Shared from the 4/2/2019 Mornington Peninsula eEdition

‘Predator’ found in creek

Concern for Tanti after discovery of ‘aggressive’ Eastern gambusia

Picture

Tanti Creek Friends co-ordinator Marty Lenard is concerned after Eastern gambusia (inset) was found in the creek. Picture: NORM OORLOFF

A FERAL fish species has been found in Mornington’s Tanti Creek for the first time.

Tanti Creek Friends co-ordinator Marty Lenard said a survey of the creek had detected the Eastern gambusia.

“Gambusia was introduced to Australia in 1925 to control mosquitoes,” he said.

“But they are aggressive predators, prolific breeders and have a high tolerance for poor water quality.

“There are minimal effective control options — the best approach is to ensure a healthy creek habitat so native fish can be more resilient against the impacts of gambusia.”

Mr Lenard said the survey also found no loss any of the previously recorded species.

“It concluded anecdotal evidence of diminishing fish populations is most likely due to limited ‘invitation’ flows of water during past couple of spring migratory periods,” he said.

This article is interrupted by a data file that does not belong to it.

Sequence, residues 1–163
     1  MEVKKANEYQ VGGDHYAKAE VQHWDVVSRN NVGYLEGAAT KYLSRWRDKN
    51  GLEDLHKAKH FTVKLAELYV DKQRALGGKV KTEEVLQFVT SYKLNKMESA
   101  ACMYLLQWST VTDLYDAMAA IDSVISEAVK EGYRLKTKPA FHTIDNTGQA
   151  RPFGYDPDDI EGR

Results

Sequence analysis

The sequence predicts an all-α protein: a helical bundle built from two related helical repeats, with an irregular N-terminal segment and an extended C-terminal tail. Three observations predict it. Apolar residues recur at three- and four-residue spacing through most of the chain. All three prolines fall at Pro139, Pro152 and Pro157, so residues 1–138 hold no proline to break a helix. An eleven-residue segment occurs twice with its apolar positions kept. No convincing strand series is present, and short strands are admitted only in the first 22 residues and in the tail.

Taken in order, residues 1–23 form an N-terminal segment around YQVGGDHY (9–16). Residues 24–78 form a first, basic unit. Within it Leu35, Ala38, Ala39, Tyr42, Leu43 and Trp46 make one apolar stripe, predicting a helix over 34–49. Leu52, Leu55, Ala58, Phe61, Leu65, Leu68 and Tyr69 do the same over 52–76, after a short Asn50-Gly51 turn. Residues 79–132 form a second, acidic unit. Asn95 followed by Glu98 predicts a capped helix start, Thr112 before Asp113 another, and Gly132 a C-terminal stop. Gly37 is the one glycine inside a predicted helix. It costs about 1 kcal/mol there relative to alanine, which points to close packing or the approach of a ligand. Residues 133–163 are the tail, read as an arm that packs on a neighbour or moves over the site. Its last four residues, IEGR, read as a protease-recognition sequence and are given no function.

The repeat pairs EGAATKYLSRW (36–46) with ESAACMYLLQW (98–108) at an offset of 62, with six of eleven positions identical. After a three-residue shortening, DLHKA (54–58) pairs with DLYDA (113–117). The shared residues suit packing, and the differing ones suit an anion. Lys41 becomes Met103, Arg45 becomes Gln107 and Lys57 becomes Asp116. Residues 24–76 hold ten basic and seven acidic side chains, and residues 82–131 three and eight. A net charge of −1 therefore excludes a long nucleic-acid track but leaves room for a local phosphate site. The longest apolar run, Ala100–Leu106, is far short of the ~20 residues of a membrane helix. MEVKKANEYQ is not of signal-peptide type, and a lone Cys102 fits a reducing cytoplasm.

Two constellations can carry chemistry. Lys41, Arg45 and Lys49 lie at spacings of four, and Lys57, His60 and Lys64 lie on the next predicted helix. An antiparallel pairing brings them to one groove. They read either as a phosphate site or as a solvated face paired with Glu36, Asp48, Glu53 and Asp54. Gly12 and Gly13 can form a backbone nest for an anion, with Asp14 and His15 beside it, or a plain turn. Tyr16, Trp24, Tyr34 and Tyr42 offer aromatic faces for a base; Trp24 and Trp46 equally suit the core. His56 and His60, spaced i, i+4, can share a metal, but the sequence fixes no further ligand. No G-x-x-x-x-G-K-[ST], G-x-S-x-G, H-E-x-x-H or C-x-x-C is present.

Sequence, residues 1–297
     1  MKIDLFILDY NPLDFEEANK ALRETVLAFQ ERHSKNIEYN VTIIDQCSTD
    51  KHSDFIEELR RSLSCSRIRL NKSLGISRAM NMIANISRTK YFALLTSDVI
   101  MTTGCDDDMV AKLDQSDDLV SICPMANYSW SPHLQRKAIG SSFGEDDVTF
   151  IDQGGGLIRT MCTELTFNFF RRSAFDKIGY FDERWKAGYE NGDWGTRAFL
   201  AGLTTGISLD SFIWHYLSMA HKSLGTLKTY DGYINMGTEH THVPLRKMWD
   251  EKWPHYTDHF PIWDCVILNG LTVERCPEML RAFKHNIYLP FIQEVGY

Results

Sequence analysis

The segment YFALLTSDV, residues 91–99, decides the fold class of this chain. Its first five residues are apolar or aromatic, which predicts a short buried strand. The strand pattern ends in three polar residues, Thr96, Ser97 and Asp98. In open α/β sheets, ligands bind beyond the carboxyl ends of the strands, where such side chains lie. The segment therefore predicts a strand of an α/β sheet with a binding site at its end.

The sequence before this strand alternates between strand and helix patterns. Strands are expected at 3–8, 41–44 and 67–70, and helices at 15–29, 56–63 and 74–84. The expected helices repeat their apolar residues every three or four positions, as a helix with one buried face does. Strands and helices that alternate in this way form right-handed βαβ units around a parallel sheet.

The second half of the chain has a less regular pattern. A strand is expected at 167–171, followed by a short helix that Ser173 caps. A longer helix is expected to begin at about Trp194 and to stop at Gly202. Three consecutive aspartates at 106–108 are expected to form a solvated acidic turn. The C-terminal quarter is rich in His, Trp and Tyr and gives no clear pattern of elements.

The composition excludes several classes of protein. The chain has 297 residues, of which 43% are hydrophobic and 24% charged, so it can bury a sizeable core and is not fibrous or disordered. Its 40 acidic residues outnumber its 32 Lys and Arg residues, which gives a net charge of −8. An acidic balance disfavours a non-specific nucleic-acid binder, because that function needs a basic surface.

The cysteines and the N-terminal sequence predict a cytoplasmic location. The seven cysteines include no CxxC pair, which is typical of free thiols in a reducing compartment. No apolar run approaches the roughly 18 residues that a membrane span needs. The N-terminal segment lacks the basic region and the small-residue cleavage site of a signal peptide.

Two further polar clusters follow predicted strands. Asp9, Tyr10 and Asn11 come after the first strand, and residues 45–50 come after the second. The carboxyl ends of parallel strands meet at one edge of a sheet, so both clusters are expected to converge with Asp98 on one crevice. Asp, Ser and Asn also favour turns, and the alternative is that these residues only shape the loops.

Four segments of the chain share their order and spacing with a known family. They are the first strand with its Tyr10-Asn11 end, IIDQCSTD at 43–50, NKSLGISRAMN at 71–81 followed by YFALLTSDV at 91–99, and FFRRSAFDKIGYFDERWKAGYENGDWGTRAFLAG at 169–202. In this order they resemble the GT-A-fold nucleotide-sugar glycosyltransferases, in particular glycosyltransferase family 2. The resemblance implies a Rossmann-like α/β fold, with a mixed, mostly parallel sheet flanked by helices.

Mr Lenard said the headwaters of the creek couldn’t be sampled due to contamination.

“The pollution was coming from a stormwater pipe that drains water from the light industrial/commercial area between Watts Rd and the Mornington-Tyabb Rd,” he said.

The survey was funded by Australian Unity’s Healthcare Property Trust with support from Ramsay Healthcare and Mornington Peninsula Shire Council.

It followed concerns that urbanisation in the area had increased flows from stormwater drains leading to erosion of the creek banks.

Melbourne Water’s regional services manager John Woodland said the body worked with the friends group and Mornington Peninsula Shire Council to manage the health of Tanti Creek.

‘We carry out regular maintenance along Tanti Creek every two months to remove litter and debris and undertake weed management to protect vegetation,” he said.

To get involved with Tanti Creek Friends group, phone 0427 888 712.

See this article in the e-Edition Here